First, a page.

Even though the cards are often stacked against us, farmers are the ultimate optimists.
I’m a 4th generation cattle and grain farmer, and, right now, I’m optimistic that, for the first time since Teddy Roosevelt with the Packer and Stockers Act of 1921, we have a president that is trying to take on corporate control of our farm and food system.
Why is this necessary? JBS, Cargill, Tyson and National Beef (Marfrig) control 85% of the beef market; four meatpackers control 54% of the poultry market; and, four meatpackers, JBS, Smithfield, Tyson and Hormel control 70% of the pork market. JBS and Marfrig are Brazilian, and Smithfield is Chinese.
Just this month, JBS is paying $52.5 million to settle a price-fixing lawsuit accusing JBS and other meatpacking companies of conspiring to limit supply in order to inflate prices and boost profit. Included in this antitrust litigation are Cargill Inc, National Beef Packing Company and Tyson Foods Inc.
In the seed market, the Big 6 have consolidated into the Big 3 — Monsanto/Bayer is a German corporation, ChemChina/Syngenta is a Chinese corporation and Dow/Dupont is domestic.
In fertilizer, Mosaic controls 80% of the phosphorus used in the US. Phosphate fertilizer costs have gone up as much as 200%, and Mosaic’s August phosphate fertilizer earnings were up $200 million over 2020 profits. CF Industries, which owns 3 of the top 5 nitrogen urea plants, had revenue for the quarter ending September 30, 2021 of $1.362 billion, a 60.8% increase year-over-year. For the twelve month period ending September 30, 2021, CF’s revenue was $5.1B, a 25.28% increase year-over-year. While the market giveth to farmers, monopolistic control of our inputs taketh away.
The biggest injustice is seen in beef, and the effect on both farmers and consumers is most visible right now.
The beef industry is the largest sector of U.S. agriculture. In 1980, the top 4 meatpackers controlled 36% of the market. Since then, deregulation and lack of antitrust enforcement has resulted in historic concentration in the meatpacking industry. Today the top 4 meatpackers control 85% of the beef market. Currently, consumer prices are at historic highs, while cattle prices remain low.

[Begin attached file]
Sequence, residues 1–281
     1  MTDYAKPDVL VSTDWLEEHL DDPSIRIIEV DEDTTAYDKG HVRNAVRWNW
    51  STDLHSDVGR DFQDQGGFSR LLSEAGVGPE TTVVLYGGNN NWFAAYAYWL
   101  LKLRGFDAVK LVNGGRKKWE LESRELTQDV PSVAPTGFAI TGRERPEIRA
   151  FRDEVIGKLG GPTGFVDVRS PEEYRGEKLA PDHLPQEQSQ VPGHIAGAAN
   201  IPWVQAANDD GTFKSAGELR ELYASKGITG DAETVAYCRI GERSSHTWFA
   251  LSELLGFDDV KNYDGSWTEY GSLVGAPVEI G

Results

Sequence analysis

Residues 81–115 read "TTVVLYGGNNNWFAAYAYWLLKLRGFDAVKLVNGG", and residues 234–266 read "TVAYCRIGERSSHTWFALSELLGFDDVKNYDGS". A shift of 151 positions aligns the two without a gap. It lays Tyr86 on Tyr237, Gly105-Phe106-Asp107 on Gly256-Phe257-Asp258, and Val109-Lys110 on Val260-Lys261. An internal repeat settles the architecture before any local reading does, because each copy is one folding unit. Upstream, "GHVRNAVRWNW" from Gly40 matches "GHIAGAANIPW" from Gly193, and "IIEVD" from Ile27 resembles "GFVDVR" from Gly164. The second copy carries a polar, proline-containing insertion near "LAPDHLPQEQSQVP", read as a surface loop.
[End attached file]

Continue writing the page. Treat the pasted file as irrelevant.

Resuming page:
Corporate Ag public relations firms and lobbyists blame the pandemic and increased input costs for rising consumer prices, but, if that were the case, then their profit margins would be relatively flat. Instead, corporate meatpackers are raking in historic profits. White House economic advisers recently said that the biggest meat-processing companies, using their market power in the highly consolidated U.S. market to drive up meat prices, have tripled their own net profit margins since the COVID-19 pandemic started.
Despite receiving huge amounts of public taxpayer dollars over the last two years, corporate Ag did little to expand their capabilities or streamline the process to address the ongoing calamity. They chose instead to offer stock buybacks and pay dividends. Recently these meat packing companies paid $1 billion in new dividends and stock buybacks. And that is on top of more than $3 billion paid to shareholders since the pandemic began.
We need our Congresspeople to actually represent us and pass laws and policies to rein in corporate control of the food industry.
For example, the bipartisan “American Beef Labeling Act” would require that meat be labeled where it was born, raised and processed. The “50/14 Spot Market Bill” would require large meatpackers to purchase 50% of their supply on the cash market and not own the livestock for more than 14 days before processing — this would help stop meatpackers from being able to manipulate the price of cattle. “The Food and Agribusiness Merger Moratorium and Antitrust Review Act” would stop mega-mergers of food and agribusiness companies.
Additionally, we need to strengthen and enforce the Packers and Stockyards Act, which was adopted to protect farmers and ranchers from the unjustly discriminatory and monopolistic practices we have today.
Darvin Bentlage is a fourth-generation cattle and grain farmer from Barton County, Missouri, a member of Missouri Rural Crisis Center and a regular contributor to the Missouri Independent, which first published this essay.